Look at the statistics which measure the mental health of society and you get the picture. In the U.S., a report from the Centers for Disease Control and Prevention has revealed that the use of antidepressant drugs has rocketed by nearly 400 per cent since 1988. In Britain, according to National Health Service figures, prescriptions for antidepressants rose by 43 per cent in the period 2006-2010 to nearly 23 million a year. In the US more than one in four teenagers and young adults have owned up to being binge drinkers- overall 15 percent of Americans binge drink. In the UK meanwhile, health experts say that one in four Britons drinks excessively- with alcohol-related deaths more than doubling in the past decade. The crisis is affecting children too: a recent UNICEF report found that British and American children are the unhappiest in the economically developed nations.
All around us there are the increasingly common displays of aggression in public places. “There is an element of devil-may-care to the way we treat each other“, writes Hugh Muir in The Guardian. “ You see it on the streets, in supermarkets, on public transport, hear it on the talk shows, read it on the internet threads. Go on to YouTube: three instances now of apparently ratty women berating fellow passengers on the public transport network.”
It certainly seems that the more we‘ve advanced technologically, the more we’ve regressed as societies.
Unease about the modern, globalised world is growing- and I don’t think we’re guilty of what Paul, the unbearingly pompous, pseudo-intellectual pedant in Midnight in Paris, sneeringly calls "golden age thinking."
As this dissatisfaction grows, so what I call the Politics of Nostalgia is becoming stronger and stronger. The divide today is not so much between left and right, but between those who want us carrying on hurtling forward down the road marked ‘modernization’ and those who believe that the clock needs turning back, not further forward.
In one corner we have Tony Blair, David Cameron, Nick Clegg, Barack Obama,
George Soros, Richard Branson, and most of the western world’s political and financial elite. In the other we have Ron Paul and Ralph Nader, Dennis Kucinich and Patrick Buchanan, Pete Seeger and Burt Bacharach, and- I‘d wager, a sizable chunk of the world’s population.
“When I was a young boy/Twelve Years old/Growing up in New York City/I could
ride the subway by myself/And never, ever be afraid/Where did it go?
And tell me what happened to that world I knew/Is it really gone?/ How did
we wind up in this place instead?” asked Bacharach in his 2005 composition
Where did it go?
Where did it go? How on earth did we wind up in this place? The right and the left offer different explanations. The former tend to blame family breakdown, the growth of secularism, and diminishing respect for authority. The latter hold the shift to a more heartless form of capitalism in the late 1970s/early 1980s to be responsible.
But the encouraging thing now is that the more thoughtful commentators- and some politicians too- are seeing that far from being contradictory, the positions of the nostalgic left and the nostalgic right are both correct.
Economic liberalism begets social liberalism and vice versa. And if you want a "me first" society where greed, selfishness and cruelty come to the fore, where people regard each other not as potential friends but as threats, and where rates of alcohol and drug abuse and depression shoot up, all you have to do is overdose on economic and social liberalism.
On the British right, the ‘Red Tory’ academic Philip Blond has challenged the Conservative Party’s commitment to neo-liberalism and advocated a return to more traditional conservatism, one in which the interests of communities come before corporate profits. “A vision of the good life cannot come from liberal principles. Unlimited liberalism produces atomised relativism and state absolutism”, Blond argues.
Sadly, the Conservative party, dominated by uber-modernisers and still in thrall to ‘market forces’ hasn’t followed Blond’s recommendations since its return to power in 2010. Instead, the nostalgist's best hopes could lie with Labour. And what a turnaround that would be.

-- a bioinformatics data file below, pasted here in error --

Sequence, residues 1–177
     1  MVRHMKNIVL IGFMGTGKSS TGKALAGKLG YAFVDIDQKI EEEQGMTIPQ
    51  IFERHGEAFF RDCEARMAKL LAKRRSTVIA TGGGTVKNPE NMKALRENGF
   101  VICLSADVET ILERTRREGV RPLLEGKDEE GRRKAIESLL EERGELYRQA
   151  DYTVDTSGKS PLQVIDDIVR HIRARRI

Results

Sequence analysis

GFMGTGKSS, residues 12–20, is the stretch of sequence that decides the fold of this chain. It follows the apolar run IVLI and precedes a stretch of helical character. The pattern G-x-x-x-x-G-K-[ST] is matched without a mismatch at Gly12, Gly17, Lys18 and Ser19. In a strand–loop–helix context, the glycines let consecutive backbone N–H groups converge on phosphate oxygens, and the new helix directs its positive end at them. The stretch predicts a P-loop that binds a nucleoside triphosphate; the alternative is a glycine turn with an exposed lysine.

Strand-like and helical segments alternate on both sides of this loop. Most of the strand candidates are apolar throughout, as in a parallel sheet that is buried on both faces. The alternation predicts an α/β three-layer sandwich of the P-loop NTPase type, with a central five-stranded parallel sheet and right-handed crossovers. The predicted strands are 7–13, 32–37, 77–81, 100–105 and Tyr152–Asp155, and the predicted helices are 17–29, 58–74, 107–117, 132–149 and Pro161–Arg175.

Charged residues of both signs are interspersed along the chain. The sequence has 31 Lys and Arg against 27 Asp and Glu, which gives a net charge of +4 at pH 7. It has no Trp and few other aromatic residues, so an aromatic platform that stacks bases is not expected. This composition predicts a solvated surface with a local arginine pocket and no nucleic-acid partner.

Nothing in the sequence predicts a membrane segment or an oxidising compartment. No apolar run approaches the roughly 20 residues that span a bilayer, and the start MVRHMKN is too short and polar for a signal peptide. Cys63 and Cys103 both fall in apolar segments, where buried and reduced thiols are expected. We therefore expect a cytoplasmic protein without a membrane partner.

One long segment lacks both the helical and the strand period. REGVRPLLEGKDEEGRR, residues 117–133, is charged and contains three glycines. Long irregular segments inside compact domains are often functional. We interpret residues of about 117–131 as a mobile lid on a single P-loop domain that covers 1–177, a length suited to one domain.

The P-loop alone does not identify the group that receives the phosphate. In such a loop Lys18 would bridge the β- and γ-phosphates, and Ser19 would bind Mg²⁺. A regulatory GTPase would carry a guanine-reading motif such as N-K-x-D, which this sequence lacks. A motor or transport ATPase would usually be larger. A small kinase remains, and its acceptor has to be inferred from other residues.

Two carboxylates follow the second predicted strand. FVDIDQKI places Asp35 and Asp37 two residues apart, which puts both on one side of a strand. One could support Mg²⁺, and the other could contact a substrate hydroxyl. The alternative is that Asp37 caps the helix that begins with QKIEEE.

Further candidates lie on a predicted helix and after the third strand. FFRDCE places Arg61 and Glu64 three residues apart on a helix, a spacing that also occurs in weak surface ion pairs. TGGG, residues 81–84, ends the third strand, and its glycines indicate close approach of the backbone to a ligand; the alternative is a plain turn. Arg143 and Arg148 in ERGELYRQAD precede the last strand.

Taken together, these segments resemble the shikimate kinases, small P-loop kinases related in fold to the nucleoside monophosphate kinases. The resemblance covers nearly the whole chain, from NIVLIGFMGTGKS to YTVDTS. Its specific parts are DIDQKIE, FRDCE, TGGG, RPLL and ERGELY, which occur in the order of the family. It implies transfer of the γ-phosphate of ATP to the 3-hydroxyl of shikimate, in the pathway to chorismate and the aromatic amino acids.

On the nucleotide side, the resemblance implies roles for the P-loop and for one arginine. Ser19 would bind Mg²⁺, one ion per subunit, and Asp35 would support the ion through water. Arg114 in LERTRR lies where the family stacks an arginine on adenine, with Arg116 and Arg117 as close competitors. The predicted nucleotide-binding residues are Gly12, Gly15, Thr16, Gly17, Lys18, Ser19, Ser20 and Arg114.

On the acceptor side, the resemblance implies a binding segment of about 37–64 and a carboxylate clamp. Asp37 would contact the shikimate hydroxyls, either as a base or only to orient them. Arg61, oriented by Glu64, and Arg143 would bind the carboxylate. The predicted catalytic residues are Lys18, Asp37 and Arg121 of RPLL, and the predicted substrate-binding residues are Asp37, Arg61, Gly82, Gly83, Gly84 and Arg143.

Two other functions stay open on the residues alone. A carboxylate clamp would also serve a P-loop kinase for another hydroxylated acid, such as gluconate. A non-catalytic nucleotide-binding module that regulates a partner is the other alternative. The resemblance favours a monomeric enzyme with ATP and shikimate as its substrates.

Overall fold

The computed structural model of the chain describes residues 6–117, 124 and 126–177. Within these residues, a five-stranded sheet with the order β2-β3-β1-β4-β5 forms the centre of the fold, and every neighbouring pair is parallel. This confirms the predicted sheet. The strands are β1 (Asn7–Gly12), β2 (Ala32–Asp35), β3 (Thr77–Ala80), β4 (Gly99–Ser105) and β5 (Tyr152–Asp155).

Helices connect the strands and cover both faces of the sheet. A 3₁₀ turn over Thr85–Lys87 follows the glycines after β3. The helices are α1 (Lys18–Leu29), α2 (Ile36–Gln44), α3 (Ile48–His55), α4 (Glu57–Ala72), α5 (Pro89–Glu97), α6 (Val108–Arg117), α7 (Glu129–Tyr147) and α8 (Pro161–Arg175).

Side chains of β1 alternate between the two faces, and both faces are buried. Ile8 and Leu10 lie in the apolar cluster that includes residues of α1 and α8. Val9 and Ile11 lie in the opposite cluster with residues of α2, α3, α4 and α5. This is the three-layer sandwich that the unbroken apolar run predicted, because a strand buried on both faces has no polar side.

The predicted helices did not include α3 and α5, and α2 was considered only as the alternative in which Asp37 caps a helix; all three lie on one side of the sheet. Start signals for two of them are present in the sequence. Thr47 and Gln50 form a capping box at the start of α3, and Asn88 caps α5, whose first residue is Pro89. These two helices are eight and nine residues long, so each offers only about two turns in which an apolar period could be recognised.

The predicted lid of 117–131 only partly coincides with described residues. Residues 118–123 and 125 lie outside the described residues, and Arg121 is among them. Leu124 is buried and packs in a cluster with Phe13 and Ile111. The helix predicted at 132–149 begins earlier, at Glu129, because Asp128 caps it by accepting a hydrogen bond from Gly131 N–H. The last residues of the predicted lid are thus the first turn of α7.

PART THREE, IN WHICH I DISCUSS THE 'BLUE LABOUR' MOVEMENT, TO FOLLOW....
Monday, May 07, 2012
So the neocons' favourite French President of all time has been booted out by the French people.
Oh Dear. How Sad. Never Mind.
As Ian Birrell writes in the Daily Mail:
So the French have got their wish: they have evicted the brash, egotistical and hyperactive President Bling-Bling from the Elysee Palace after just one term, along with his disliked Italian supermodel spouse.
Few will mourn the departure of a man who promised so much but delivered so little with his strutting cockiness and super-rich friends…………..
Then there were pictures of the president checking his Blackberry during an audience with the Pope, which infuriated Roman Catholics, or the notorious occasion he swore at someone who disagreed with him at an agricultural fair.
‘His behaviour is vulgar, I’m afraid,’ said former defence minister Alain Richard.
‘He has lost millions of older and conservative voters with his bad manners. They just do not think it is presidential behaviour.’
Not just good news in France, but in Greece too, with the strong performance of the socialist, anti-bailout party Syriza.
As David Lindsay writes:
What with that in Greece and this in France, a new age is beginning. The tragedy is that Britain, having signalled on Thursday her strong desire to participate in it, will not be able to do so until 2015....
It is already happening in America. But we can't have any of it for another three years, despite having a Prime Minister whose party got only 32 per cent of the vote.
Saturday, May 05, 2012
Over at Stumbling and Mumbling, there's a great blog post comparing the much over-hyped economic ‘crisis’ of the 1970s, to the very real economic crisis of today, by the excellent Chris Dillow.
The BBC’s rediscovery of the 1970s poses a question: why has this recession not produced the sense of crisis we had in the 70s?
I ask because the numbers tell us that the economy is doing worse than it did in the 70s.......
From the point of view of the capitalist class, the answer is simple. The 70s crisis was not so much a crisis of GDP growth as a crisis of profits. By contrast, profit rates in this recession have held up much better than they did in the 70s. When people asked in the 1970s “is Britain governable?” what they really meant was: “is the working class controllable?”
You can read the whole of Chris's post here.
As I wrote here, it's very important to challenge the dominant neo-liberal myths about the 1970s- the progressive decade when ordinary working people had never had it so good- and when capital had never had it so bad.
Talking of the 1970s, above you can watch a great clip from a recent edition of Top of the Pops 1977, of O.C. Smith singing ‘Together’. Enjoy.